Anna Herou is the NordForsk Senior Adviser responsible for the interdisciplinary research programme. She says, “This is the highest number of proposals we have had in response to a NordForsk call for proposals. The large number indicates widespread interest in interdisciplinary research in the Nordic countries and the need for this type of funding.”
The Nordic Programme for Interdisciplinary Research is a collaborative effort between the Academy of Finland, the Independent Research Fund Denmark, the Swedish Research Council, the Research Council of Norway and NordForsk.
There will be a two-phase selection process for project funding. In March 2020, selected applicants will be invited to take part in the second phase. The deadline for submitting proposals for Phase II will be in May 2020, and the final decision determining projects to receive funding will be announced at the end of 2020.
To receive funding, projects must combine at least two of the following three research domains: life sciences; physical and engineering sciences; and social sciences and humanities. The research problems to be addressed must be interdisciplinary and not simply incorporate a method from another area; they must add value to all the scientific areas involved as well as to the interdisciplinary space.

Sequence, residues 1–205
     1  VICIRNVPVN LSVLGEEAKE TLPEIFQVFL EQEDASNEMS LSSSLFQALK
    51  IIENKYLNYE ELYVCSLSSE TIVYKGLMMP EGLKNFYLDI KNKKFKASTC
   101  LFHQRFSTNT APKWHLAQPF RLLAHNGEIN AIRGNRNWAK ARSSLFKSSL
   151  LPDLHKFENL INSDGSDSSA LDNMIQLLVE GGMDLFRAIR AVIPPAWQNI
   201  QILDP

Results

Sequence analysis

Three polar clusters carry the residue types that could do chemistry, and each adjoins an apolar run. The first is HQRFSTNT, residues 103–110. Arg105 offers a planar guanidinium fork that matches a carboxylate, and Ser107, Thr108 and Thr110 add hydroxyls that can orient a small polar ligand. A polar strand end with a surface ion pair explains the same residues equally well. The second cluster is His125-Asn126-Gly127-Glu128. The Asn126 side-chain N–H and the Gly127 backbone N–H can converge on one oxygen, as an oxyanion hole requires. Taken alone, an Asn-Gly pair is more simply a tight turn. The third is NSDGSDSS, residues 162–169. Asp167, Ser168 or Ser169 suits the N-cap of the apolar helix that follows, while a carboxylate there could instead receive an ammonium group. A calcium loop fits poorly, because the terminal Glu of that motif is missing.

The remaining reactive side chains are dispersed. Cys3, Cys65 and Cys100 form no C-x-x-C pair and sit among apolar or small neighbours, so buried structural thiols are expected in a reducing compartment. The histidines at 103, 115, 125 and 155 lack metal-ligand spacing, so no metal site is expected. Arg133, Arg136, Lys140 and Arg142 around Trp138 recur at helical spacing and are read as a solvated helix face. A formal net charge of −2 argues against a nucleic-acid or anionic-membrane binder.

Interdisciplinarity is widely acknowledged as essential to the generation of new and ground-breaking research results, and there is an increasingly urgent global demand for scientific research that dares to think across traditional boundaries between fields and disciplines. The integration of methods, data, perspectives, concepts, and/or theories from different scientific fields is crucial in the effort to expand the scope of collective human knowledge.
Each project has been able to apply for a maximum of NOK 15 million, and NordForsk will provide funding for 8–12 projects for up to four years.